“The mines were digging some 4,000 tonnes of coal out every day,” said Guiqin. “I was hardly surprised the ground was subsiding.”

 

Shuiyu Mine’s total annual production has increased to 12 times what they were producing in the 1960s. According to the China National Coal Association, China’s tax revenues have soared as investment in coal has surpassed 200 billion yuan (US$25 billion dollars) since 2003. At the same time, the financial support for China's coal mine safety as a percentage of GDP accounted for only about 1%, while in some developed countries, the percentage is 3.3%. 

 

Professor Li Lianji from Shanxi Academy of Social Sciences wrote in a 2005 paper entitled, “Empty Mines, Subsiding Land and the Transit of Local Economy,” that China, like many developing countries, has allowed mines to damage the land severely. Indeed, there are 7 billion square metres of subsiding land in China, which has cost the country 50 billion yuan (US$6.8 billion). A central government ruling states that with mining damage in China, “whoever causes the damage, pays.” Compensation is supposed to be divided accordingly among the central government, local government and the mine.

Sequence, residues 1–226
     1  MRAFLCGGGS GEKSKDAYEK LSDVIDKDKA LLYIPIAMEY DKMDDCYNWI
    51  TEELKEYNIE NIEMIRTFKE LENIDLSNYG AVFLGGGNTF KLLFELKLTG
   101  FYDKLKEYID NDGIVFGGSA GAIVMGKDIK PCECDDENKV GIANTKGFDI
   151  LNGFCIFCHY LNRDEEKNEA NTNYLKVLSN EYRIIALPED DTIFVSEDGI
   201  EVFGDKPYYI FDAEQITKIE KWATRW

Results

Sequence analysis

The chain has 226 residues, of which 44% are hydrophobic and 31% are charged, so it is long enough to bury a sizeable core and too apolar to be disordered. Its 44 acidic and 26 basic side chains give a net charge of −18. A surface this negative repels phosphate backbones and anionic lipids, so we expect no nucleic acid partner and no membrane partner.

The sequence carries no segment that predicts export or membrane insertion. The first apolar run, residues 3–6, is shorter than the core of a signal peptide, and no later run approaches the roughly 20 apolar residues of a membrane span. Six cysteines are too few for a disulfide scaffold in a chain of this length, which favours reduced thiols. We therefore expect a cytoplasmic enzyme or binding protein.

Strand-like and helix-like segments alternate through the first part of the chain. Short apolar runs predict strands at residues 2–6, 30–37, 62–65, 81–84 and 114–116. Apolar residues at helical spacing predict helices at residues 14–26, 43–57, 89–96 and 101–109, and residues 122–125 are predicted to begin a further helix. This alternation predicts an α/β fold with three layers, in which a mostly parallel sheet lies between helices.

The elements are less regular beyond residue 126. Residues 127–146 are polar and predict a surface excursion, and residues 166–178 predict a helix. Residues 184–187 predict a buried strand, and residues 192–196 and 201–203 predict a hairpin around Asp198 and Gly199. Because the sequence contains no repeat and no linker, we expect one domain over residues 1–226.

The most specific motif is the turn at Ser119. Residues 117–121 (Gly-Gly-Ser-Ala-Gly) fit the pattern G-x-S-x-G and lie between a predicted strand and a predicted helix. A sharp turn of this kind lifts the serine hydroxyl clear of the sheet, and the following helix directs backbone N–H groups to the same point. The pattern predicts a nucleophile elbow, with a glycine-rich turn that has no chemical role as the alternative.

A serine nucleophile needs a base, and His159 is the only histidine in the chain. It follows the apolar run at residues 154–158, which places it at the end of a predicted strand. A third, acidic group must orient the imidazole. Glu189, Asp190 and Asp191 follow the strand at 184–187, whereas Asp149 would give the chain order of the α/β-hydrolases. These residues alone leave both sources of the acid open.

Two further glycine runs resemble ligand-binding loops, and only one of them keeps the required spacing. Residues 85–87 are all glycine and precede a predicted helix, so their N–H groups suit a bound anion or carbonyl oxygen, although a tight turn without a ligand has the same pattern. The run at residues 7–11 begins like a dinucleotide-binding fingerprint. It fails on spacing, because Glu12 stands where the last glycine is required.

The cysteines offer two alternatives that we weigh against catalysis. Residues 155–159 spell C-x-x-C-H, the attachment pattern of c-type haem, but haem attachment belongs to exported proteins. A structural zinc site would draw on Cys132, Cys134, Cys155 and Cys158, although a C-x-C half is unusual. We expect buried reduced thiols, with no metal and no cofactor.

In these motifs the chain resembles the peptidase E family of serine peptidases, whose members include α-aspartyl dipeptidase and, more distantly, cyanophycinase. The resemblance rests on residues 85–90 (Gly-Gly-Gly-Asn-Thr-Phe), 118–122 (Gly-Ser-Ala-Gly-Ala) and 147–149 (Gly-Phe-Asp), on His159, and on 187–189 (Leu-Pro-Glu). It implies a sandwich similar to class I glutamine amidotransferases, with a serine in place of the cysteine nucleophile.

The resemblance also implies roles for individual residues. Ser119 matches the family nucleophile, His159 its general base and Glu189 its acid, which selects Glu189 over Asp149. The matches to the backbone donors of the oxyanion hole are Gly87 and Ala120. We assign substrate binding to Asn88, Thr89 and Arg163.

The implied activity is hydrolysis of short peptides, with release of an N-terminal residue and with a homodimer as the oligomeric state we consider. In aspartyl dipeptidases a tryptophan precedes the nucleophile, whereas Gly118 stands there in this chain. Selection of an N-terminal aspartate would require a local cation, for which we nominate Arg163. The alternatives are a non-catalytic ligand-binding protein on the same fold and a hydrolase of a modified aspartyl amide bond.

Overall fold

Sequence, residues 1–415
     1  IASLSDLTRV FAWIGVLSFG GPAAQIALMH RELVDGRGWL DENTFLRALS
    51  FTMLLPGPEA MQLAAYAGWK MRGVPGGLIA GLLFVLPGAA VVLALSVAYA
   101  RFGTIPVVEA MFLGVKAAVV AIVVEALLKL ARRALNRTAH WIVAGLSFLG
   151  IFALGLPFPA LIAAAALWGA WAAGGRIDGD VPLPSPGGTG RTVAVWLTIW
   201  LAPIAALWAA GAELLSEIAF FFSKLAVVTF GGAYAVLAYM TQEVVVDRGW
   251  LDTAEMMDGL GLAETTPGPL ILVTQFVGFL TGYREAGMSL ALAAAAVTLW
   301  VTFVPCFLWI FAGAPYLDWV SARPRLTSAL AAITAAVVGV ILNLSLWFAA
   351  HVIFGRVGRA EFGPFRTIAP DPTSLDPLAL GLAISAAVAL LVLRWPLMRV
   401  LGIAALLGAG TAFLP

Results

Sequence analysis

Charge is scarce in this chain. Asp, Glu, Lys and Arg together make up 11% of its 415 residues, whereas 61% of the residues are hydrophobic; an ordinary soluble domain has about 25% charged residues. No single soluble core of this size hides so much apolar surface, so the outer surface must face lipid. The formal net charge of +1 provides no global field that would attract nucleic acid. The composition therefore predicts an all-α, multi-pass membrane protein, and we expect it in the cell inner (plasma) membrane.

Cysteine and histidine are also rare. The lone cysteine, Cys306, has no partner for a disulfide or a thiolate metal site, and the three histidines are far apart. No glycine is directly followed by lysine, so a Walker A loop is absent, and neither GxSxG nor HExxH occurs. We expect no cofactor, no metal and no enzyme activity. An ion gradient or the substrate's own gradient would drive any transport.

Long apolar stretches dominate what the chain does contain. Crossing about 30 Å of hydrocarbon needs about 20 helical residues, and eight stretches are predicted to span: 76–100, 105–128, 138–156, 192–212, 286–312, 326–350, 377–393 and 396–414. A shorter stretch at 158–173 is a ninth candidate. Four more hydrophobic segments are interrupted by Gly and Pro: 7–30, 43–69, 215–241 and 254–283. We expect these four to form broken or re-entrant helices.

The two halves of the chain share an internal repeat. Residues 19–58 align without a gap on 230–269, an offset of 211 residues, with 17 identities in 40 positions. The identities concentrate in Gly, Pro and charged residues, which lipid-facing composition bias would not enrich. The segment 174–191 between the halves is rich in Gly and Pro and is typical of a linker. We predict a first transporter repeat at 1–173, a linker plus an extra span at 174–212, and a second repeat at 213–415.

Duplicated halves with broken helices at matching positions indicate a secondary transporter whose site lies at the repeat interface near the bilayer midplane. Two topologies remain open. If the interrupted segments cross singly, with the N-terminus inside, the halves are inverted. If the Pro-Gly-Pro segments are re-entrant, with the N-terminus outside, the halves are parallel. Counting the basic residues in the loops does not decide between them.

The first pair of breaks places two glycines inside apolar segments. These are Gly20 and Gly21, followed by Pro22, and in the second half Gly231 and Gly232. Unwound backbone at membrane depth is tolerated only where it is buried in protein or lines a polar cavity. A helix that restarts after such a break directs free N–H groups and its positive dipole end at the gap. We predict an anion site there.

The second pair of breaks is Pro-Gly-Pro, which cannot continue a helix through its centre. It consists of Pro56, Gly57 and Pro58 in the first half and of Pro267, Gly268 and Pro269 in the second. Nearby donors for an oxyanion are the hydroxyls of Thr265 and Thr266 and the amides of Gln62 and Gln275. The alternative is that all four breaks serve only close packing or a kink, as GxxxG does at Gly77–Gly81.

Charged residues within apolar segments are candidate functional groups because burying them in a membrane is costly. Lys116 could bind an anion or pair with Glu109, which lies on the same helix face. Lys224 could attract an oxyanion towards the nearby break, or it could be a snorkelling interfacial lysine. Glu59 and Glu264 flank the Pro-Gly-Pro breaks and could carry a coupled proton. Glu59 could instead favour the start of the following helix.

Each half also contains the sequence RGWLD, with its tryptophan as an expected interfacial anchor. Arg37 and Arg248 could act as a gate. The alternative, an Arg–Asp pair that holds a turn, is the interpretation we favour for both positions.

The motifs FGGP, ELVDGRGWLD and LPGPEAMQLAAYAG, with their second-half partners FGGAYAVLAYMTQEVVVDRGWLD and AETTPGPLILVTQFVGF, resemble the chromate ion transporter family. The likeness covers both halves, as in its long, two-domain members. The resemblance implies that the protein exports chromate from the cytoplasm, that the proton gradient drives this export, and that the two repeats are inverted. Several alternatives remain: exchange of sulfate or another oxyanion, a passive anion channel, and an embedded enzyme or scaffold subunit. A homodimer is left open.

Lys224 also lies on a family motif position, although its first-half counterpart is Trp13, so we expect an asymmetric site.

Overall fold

For the villagers in Haojia Zhai, the compensation issue is complex. The village losses are no longer only the responsibility of the central government, because the mine underneath Upper New Town was leased to the village head in 2000, and as the operator, he is responsible for the compensation. As a result, Guiqin and Hualin had to negotiate with both the mine and the village in order to receive compensation.